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Hadst thou withheld thy love or hid thy light
Whether the object by reflected light
And though thou notest from thy safe recess
Old friends burn dim, like lamps in noisome air, Love them for what they are; nor love them less, Because to thee they are not what they were.
PHANTOM OR FACT?
A DIALOGUE IN VERSE.
A LOVELY form there sate beside my bed,
But ah!-the change-It had not stirred, and yet-
This riddling tale, to what does it belong?
Or rather say at once, within what space
Call it a moment's work (and such it seems)
ALL look and likeness caught from earth,
All accident of kin and birth,
WORK WITHOUT HOPE.
LINES COMPOSED 21ST OF FEBRUARY, 1827.
ALL LL Nature seems at work. Slugs leave their lair
The bees are stirring-birds are on the wing-
Yet well I ken the banks where amaranths blow, Have traced the fount whence streams of nectar flow,
Bloom, O ye amaranths! bloom for whom ye may, For me ye bloom not! Glide, rich streams, away! With lips unbrightened, wreathless brow, I stroll: And would you learn the spells that drowse my soul?
Work without hope draws nectar in a sieve,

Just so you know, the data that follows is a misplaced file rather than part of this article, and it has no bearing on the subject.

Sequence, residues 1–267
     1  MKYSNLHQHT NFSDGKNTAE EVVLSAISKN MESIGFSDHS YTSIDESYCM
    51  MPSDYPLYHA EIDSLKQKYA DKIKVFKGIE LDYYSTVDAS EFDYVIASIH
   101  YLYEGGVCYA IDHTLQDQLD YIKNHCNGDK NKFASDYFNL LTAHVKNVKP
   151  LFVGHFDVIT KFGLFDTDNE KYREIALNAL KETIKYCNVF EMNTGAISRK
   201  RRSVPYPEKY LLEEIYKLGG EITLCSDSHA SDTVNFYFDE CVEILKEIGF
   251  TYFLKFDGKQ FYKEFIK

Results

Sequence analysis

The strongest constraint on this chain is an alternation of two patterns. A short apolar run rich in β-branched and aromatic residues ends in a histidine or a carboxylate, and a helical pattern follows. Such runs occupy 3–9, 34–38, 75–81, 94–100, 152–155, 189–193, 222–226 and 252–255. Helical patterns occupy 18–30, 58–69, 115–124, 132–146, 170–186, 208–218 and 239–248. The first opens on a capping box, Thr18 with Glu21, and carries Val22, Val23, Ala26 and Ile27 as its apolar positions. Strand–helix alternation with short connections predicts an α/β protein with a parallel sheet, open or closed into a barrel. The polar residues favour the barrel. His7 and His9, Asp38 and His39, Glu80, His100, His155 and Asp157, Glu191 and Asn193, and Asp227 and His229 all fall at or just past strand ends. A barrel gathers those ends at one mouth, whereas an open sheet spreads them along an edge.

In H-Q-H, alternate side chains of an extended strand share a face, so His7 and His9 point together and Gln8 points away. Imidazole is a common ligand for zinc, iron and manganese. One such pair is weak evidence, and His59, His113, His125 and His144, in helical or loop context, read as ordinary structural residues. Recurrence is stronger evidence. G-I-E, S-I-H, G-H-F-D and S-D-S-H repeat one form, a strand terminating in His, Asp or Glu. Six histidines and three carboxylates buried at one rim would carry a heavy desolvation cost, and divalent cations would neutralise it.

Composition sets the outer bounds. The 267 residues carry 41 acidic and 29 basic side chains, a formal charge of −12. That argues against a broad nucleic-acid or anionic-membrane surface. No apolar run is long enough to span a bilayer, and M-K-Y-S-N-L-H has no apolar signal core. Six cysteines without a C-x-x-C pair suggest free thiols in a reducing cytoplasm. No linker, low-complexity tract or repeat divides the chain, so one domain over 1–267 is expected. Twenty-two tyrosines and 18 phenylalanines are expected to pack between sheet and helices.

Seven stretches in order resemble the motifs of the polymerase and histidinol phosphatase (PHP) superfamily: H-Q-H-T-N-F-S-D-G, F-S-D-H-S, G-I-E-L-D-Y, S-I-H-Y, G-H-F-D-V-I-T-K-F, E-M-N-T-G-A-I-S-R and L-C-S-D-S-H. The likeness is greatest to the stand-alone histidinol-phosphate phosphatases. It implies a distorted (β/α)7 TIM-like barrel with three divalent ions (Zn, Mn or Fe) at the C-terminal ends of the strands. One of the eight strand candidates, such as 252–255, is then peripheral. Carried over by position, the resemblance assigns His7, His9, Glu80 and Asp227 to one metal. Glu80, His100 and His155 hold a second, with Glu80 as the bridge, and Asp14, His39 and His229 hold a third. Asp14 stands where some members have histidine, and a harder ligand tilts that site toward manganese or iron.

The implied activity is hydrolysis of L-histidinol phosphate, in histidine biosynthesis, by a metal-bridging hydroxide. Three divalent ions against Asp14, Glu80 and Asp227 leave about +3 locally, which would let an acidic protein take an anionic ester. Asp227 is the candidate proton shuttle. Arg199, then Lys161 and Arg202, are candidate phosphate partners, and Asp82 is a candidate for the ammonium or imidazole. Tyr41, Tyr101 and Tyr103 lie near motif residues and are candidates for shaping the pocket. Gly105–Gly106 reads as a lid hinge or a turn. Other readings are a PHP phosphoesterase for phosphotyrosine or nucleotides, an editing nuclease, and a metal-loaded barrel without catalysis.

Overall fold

YOUTH AND AGE
VERSE, a breeze mid blossoms straying,
When I was young?—Ah, woful when!
Flowers are lovely; Love is flower-like ;
Ere I was old? Ah woful Ere,
Ere I was old!
Which tells me, Youth's no longer here!
It cannot be, that Thou art gone!
Dew-drops are the gems of morning,
That only serves to make us grieve
A DAY DREAM.
My eyes make pictures, when they are shut :— I see a fountain, large and fair,
A willow and a ruined hut,
And thee, and me, and Mary there.
O Mary! make thy gentle lap our pillow!
Bend o'er us, like a bower, my beautiful green willow!
A wild-rose roofs the ruined shed, And that and summer well agree; And lo! where Mary leans her head, Two dear names carved upon the tree! And Mary's tears, they are not tears of sorrow; Our sister and our friend will both be here to
'Twas day! But now few, large, and bright The stars are round the crescent moon! And now it is a dark warm night.
The balmiest of the month of June.!
A glow-worm fallen, and on the marge remounting Shines and its shadow shines, fit stars for our sweet fountain.
O ever-ever be thou blest!
For dearly, Asra, love I thee!
This brooding warmth across my breast,
This depth of tranquil bliss-ah me!
Fount, tree, and shed are gone, I know not whither, But in one quiet room we three are still together.
The shadows dance upon the wall,
By the still dancing fire-flames made;
And now they slumber, moveless all!
And now they melt to one deep shade! But not from me shall this mild darkness steal thee: I dream thee with mine eyes, and at my heart I feel thee!